The man who discovered the psychological archetypes
If William James is called the father of psychology, then Carl Jung is called the founder of psychology.
Swiss psychiatrist Carl Gustav Jung claims one of the foremost positions in the world of psychology. He was the first to communicate to the world the psychological theory of archetypes and the collective unconscious. Jung identifies the collective unconscious as the center of all psychic material that does not come from personal experience. Its contents and images appear to be shared with people of all time periods and all cultures.
‘If it be true that there can be no metaphysics transcending human reason, it is no less true that there can be no empirical knowledge that is not already caught and limited by the a priori structure of cognition’
‘If it be true that there can be no metaphysics transcending human reason, it is no less true that there can be no empirical knowledge that is not already caught and limited by the a priori structure of cognition’, said Jung in The Archetypes and the Collective Unconscious. Jung wanted to understand the human mind and for this he thought it significant to understand the scientific exploration of dreams, mythology, religion and art.
Born to Paul Achilles Jung and Emilie Preiswerk, Jung decided to study medicine. He was also inclined to spiritual phenomena; deeply influenced by Sigmund Freud, he however finally rejected Freud’s emphasis on sex as the sole source of behavioral motivation. Jung developed his own theory called Analytical Psychology or Jungian psychology. Analytical psychology gave a new direction to the study of the human mind. It views a person’s beliefs and behaviors as the result of conscious and unconscious impressions. This attitude towards the conscious-unconscious is why Jung is considered as the most noteworthy psychological theorists of all times. ‘Dialogue between the conscious and the unconscious aspects of the psyche enriches the person, and Jung believed that without this dialogue, unconscious processes can weaken and even jeopardize the personality.’ He believed the collective unconscious was a reservoir of all the experience and knowledge of the human species. He therefore rejected the ‘tabula rasa’ of Locke. This collective unconscious is not individually acquired but is inherited. It comes to the surface through various symbols. These symbols are a central part of Jung’s thinking. It refers to a name, term, or picture that is familiar in daily life, yet has other connotations besides its conventional and obvious meaning. Dream symbols bring messages from the unconscious to the rational mind.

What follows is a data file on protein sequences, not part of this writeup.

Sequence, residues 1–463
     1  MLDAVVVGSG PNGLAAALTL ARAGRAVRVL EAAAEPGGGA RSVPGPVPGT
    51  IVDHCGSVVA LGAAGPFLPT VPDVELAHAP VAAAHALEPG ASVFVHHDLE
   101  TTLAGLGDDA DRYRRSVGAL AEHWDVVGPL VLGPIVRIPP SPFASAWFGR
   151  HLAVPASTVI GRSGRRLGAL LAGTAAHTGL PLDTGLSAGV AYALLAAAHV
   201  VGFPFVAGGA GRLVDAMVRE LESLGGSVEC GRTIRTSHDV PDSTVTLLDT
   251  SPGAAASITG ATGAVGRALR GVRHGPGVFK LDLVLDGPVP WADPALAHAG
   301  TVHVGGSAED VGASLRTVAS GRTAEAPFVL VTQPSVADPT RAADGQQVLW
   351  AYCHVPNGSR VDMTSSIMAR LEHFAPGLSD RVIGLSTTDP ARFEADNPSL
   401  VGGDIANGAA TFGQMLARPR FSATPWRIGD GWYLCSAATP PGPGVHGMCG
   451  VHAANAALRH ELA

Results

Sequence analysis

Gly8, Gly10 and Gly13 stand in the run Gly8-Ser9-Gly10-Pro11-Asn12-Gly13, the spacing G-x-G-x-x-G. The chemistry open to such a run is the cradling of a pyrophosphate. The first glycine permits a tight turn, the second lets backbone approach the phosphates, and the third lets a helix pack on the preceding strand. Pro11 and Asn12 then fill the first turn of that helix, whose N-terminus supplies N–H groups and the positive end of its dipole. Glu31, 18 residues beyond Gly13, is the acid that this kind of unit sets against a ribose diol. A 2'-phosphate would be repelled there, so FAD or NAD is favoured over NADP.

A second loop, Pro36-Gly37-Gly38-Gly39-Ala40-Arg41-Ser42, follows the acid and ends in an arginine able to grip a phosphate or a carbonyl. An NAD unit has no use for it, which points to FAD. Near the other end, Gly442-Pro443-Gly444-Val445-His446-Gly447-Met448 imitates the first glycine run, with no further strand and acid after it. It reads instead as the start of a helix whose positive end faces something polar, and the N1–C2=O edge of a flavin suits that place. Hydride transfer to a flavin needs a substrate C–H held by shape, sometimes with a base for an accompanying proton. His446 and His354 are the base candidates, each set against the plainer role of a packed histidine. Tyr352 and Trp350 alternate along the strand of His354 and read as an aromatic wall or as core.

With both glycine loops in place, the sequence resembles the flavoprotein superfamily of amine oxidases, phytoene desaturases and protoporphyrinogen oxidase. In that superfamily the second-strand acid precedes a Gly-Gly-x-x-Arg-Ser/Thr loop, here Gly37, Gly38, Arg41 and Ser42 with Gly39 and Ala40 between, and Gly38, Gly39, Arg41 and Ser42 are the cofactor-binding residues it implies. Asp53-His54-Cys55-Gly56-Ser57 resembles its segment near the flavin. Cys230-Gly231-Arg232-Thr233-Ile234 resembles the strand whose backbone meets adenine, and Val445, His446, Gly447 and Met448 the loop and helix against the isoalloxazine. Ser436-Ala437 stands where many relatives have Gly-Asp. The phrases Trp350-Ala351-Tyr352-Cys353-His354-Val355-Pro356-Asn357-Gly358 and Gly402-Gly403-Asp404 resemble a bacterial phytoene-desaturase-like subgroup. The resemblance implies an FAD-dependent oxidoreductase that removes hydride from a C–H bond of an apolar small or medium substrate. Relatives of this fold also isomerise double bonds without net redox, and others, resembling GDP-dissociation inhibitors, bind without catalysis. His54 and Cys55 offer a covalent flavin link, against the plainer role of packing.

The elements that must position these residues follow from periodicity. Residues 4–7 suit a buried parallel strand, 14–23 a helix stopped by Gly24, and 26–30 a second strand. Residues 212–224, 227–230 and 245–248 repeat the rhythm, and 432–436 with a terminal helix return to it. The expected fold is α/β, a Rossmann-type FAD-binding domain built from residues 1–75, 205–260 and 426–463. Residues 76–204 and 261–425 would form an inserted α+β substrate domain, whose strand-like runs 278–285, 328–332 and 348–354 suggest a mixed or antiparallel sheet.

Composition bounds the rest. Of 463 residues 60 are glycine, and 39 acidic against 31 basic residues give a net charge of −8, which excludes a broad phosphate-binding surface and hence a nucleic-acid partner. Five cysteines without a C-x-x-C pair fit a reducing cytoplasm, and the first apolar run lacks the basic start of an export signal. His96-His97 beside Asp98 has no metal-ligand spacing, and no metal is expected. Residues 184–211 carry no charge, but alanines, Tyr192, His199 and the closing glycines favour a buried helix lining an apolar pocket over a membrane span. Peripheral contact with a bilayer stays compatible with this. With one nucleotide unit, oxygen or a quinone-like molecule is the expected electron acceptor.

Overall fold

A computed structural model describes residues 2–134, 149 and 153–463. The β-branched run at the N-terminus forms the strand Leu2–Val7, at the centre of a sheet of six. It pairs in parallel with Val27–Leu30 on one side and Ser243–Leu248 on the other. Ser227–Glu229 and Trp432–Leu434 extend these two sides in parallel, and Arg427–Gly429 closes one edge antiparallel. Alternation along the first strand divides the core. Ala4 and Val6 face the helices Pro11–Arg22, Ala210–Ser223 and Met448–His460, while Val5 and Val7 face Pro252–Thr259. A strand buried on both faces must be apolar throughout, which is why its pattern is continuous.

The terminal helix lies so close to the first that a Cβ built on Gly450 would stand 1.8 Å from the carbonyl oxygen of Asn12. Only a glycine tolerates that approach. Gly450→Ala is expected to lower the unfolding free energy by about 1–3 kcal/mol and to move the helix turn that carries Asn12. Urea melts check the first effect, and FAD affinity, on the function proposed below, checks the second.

What the psyche inherits is the archetypes or pre-existent forms. They become conscious secondarily and which give definite form to certain psychic content. Jung’s Psychological Types are also known as Meyers-Briggs personality types as they were derived from Jung’s work and discovered by Meyers and Briggs. The types are introvert / extrovert, sensing / intuiting, thinker / feeler and judging / perceiving. These Jung compares to the ancient archetypes, Apollo and Dionysus. Jung found that different people see, hear, feel, think, and experience the world in fundamentally different ways. The Meyers & Briggs personality Indicator is a powerful tool to help us understand how people function differently. Jung believes that without the unconscious the conscious might not have coherence just as The word ‘happiness’ would lose its meaning if it were not balanced by sadness.